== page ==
It is not the color of your skin or the shape of your lips or the way your hips sashay up and down the street, friend; it is the color of their power-hungry heart.
There is nothing wrong with you. Your skin is part of you. All of “you” is indeed a work of art.
Amongst the driving forces behind hate toward the darkly endowed, sits “power.” Power to rule. Power to control. Power to be superior, when in all reality, we are all more the same.
When “power” sees POWER, it meets up with “fear.”
In fear, “power” thirsts to be served, to be seen, and to be superior. It then must distinguish or set itself apart because, really, what is superiority if we are all more the same?
The case for superiority is made by majoring in what is different and being able to mass communicate that difference through a well-contrived narrative. It is this chess move for power by “power” that has deceptively weaved negative narratives and ugly biases about dark-skinned people into the very fabric of our society, for centuries long.
Black communities have internalized this injustice. So much so, dark has risen against dark in a sort of self-hate frenzy that has spilled over into community relations, where we spend our billion-dollar purchasing power, and in how companies advertise in our communities, along with the music and movies we create.
We have accepted the narrative that color matters because “power” says it does.
This has played out in the most simplistic of ways. We joke about who “undoubtedly” will be killed first in movies, or we hold our breath and wait for the reporter to communicate whether an offender is Black or white. We know that mainstream media is going to blast the dark face, but gently explain the happenings of a lighter face. We can expect every gory life detail of the darkly hued offender, from birth to present, but hear how the lightly hued “Johnny” had a terrible life, in a sick attempt at justifying a terrible act.
But…. what if color did not matter? What if our hearts were free of bias and judgement? What if we decided that the only social construct to subscribe is love?
Not some sappy kind of love that is solely centered on feelings, but a love rooted in action and commitment to equality and justice. Love that is not arrogant or rude. Love that does not insist on its’ own way. Love that does not rejoice at wrongdoing but rejoices with the truth. Love which bears all things, believes all things, hopes all things, and endures all things for all people. The type of love that never ends or fails. The type of love that equally and justly values people of every hue, all the time, in every social construct. The kind of love that approves mortgage loans on the merit of the applicant without taking into account skin color. The kind of love that considers job applicants on what they bring to the table and not what they look like. Love that stands at the helm of our justice system, in our pulpits, across color and generational divides, and yes even on the playground. The kind of love that understands that if everyone is not free, nobody is free.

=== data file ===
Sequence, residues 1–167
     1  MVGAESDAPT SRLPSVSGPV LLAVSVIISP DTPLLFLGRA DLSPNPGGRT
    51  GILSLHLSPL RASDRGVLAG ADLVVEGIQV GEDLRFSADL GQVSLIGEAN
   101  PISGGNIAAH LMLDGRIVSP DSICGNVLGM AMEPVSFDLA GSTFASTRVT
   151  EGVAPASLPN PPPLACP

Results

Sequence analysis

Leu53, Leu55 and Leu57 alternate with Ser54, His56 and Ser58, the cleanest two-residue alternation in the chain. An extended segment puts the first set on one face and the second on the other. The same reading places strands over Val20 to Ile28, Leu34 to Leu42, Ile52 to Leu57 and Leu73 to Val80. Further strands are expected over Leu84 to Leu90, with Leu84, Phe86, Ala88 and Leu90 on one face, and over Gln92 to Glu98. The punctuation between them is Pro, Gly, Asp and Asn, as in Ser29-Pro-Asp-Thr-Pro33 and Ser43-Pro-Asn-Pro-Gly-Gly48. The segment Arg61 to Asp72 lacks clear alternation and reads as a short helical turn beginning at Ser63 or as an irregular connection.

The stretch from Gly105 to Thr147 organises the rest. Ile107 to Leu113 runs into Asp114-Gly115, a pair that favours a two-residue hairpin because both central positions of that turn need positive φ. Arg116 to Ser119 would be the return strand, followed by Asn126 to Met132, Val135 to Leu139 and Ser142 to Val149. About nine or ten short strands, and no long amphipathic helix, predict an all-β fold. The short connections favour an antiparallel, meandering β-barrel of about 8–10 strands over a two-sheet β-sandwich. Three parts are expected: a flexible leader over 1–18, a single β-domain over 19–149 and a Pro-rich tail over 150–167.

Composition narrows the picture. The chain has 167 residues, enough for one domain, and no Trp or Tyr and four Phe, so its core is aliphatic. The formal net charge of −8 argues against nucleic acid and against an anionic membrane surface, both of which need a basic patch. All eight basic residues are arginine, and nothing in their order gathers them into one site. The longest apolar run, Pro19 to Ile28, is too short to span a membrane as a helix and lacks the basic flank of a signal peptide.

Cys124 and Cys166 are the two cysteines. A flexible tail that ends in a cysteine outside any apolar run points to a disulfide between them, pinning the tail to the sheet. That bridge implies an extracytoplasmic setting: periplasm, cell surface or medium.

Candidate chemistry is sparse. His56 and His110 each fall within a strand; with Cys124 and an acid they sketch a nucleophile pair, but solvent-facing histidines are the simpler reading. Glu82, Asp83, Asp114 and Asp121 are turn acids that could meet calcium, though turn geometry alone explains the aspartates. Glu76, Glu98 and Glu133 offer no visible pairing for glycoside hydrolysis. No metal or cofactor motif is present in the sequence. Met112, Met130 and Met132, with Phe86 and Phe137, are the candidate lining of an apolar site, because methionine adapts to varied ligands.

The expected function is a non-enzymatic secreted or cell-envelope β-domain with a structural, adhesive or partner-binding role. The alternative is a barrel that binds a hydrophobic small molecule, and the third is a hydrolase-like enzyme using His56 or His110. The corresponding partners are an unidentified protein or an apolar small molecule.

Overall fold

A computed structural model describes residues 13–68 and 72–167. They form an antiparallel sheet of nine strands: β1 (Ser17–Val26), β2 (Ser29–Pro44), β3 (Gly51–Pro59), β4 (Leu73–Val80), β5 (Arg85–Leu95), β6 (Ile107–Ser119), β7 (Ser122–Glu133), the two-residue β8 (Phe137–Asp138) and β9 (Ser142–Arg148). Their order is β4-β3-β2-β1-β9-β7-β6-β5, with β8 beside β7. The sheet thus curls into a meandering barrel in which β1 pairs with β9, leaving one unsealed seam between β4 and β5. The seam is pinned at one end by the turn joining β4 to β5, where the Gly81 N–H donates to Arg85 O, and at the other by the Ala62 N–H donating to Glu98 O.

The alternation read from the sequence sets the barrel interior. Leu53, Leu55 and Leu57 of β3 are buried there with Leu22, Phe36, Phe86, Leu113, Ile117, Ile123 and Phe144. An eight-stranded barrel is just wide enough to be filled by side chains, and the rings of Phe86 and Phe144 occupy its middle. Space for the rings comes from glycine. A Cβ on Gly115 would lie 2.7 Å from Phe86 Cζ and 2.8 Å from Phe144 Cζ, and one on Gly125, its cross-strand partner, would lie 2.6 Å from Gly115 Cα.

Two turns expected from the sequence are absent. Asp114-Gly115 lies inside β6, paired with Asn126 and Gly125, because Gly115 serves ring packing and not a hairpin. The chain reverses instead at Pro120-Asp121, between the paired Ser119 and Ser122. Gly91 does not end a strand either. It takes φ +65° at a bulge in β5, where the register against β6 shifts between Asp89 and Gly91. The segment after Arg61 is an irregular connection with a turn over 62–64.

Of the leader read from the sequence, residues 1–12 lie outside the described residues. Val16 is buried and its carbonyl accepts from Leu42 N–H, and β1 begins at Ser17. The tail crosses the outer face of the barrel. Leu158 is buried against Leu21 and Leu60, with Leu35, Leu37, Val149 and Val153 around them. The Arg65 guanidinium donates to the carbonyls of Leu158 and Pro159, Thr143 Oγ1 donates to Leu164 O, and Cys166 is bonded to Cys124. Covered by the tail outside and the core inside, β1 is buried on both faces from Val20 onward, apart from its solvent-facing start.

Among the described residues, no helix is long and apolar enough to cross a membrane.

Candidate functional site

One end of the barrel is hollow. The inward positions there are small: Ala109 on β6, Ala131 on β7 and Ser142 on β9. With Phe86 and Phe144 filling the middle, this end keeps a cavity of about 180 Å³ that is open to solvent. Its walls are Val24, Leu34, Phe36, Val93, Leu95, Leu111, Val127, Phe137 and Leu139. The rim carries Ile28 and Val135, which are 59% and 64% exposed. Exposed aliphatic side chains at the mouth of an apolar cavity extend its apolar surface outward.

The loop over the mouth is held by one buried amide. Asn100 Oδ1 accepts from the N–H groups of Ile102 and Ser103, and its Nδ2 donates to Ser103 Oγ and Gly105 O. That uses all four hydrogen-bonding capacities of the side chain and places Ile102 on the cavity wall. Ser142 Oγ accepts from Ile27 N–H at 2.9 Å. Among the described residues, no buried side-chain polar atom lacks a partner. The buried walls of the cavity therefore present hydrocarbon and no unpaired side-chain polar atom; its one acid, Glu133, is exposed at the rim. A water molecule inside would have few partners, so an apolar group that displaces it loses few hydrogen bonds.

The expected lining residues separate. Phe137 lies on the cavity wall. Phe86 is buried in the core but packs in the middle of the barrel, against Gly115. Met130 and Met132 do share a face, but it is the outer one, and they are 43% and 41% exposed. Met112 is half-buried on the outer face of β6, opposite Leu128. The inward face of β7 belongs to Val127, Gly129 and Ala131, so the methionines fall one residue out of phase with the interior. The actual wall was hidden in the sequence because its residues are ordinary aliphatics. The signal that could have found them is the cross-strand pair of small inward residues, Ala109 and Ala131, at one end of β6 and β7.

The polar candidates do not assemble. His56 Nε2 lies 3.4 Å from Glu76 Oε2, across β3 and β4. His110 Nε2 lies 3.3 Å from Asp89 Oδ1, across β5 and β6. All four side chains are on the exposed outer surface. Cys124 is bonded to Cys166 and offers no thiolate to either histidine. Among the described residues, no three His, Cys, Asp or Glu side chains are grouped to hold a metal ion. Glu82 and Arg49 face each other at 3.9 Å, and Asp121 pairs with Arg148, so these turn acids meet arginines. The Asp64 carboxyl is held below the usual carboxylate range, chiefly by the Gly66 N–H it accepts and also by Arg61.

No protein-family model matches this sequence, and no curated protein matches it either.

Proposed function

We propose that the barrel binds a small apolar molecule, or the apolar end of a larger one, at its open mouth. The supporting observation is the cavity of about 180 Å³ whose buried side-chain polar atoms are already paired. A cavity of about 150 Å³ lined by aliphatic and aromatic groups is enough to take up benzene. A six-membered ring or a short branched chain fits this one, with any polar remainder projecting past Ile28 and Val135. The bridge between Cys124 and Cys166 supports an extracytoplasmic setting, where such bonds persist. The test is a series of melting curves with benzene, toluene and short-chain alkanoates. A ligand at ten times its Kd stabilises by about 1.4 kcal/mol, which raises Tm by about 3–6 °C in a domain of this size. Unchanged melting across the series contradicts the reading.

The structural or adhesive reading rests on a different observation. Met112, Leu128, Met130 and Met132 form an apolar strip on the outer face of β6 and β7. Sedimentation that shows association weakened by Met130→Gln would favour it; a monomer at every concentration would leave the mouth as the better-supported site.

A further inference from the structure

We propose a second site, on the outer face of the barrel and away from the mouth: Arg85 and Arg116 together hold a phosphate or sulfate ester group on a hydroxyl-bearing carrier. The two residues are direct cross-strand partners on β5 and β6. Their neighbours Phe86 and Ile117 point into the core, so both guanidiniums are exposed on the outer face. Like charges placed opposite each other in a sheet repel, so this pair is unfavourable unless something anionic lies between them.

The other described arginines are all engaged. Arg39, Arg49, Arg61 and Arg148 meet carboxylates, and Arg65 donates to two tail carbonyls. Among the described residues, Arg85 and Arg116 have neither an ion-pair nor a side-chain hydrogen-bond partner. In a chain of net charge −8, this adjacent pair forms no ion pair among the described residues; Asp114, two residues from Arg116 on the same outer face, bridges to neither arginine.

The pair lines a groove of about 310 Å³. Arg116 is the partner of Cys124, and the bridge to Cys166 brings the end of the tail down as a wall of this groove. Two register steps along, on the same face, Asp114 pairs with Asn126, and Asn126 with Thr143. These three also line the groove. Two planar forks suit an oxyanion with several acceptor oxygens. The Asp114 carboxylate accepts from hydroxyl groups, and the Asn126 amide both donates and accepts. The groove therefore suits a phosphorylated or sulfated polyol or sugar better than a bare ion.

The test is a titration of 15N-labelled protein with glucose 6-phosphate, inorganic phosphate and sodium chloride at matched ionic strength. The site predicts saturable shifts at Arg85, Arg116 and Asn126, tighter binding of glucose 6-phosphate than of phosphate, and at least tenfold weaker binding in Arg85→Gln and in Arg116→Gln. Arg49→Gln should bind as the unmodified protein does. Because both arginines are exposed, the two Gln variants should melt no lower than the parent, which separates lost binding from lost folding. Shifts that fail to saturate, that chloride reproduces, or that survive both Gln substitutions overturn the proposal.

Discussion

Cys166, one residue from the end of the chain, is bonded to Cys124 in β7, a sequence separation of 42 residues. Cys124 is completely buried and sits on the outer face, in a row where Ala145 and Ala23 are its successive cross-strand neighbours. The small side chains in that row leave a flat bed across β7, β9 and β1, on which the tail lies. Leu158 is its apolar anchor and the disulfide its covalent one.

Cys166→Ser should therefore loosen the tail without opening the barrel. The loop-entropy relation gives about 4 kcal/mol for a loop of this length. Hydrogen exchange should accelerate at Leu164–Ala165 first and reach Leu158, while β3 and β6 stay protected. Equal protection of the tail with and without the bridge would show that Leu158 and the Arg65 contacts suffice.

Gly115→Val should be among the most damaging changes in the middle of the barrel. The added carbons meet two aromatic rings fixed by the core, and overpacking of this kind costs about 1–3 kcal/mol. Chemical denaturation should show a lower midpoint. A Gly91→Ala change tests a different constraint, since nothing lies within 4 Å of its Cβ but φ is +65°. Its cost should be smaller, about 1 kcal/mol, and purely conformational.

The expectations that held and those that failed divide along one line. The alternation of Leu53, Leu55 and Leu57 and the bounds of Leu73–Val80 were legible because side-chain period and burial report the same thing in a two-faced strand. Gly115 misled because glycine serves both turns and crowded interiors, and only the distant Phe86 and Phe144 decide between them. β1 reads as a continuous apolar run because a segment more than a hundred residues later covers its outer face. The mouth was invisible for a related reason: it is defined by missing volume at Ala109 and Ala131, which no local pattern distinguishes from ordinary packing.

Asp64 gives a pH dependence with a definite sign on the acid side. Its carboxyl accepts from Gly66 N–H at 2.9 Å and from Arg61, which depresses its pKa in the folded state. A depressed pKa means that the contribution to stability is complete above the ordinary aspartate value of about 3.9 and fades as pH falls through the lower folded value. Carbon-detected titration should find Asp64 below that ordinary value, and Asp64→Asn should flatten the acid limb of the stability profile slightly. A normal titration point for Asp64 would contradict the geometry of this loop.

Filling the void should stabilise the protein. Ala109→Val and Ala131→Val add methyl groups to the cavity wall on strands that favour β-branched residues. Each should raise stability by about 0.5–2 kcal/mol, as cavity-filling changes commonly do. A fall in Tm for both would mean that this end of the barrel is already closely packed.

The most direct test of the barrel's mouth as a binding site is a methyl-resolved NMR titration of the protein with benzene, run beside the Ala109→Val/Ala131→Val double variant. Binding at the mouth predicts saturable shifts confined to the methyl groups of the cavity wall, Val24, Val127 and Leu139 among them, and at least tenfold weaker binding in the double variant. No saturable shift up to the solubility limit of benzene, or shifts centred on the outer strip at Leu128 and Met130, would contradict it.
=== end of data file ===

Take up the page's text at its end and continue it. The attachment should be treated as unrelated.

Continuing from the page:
The color of our skin is not what is best or worst about us. It is my heart. It is your heart. It is the love we share. The burdens we bear for others. It is the way we SEE people. The way we value them. All of them.
Besides, true POWER is not majoring in our differences. True POWER is not claiming superiority with emphasis on light and dark. The true “flex” of POWER is not having to flex at all or make demands. It is when you sit at a table with no name and no title, yet the table tilts your way because of what is inside of you. The true power “flex” was God in the flesh, who had ALL power, but laid his life down for the powerless to give them POWER while all of heaven was on standby. With one word, the King of all Kings could have had HIS way. He could have made demands of each of us, and with no compliance destroyed us all. Yet… while we were sinners, he died for us to choose him with no demand. Now, That is POWER.
So, what if color did not matter and “power” did not have its’ way? Would our world be a better place? Would the darkly endowed find justice? Without the hate, would they be embraced? Would more children have access to healthcare? Would our prison system not be full? Would there be less violence? Less suicides? Could we house the homeless? Release the innocent? Help the elderly? Honor the vets? Would our children learn to love even in knowing the truth about America’s history concerning the black race?
We do not have to repeat our history. We can choose to lay down our hate. If color did not matter, would we be a better HUMAN race?
Sharwin Wiltz-Boney is an entrepreneur, business consultant/coach, speaker and author who currently serves as President and CEO of a financial infrastructure management company that has operated in the Houston area for more than a decade. Utilizing the experience she has gained through business ventures and her very own life journey, Sharwin invites you into her Musings. Have a comment? Drop her a line at firstname.lastname@example.org.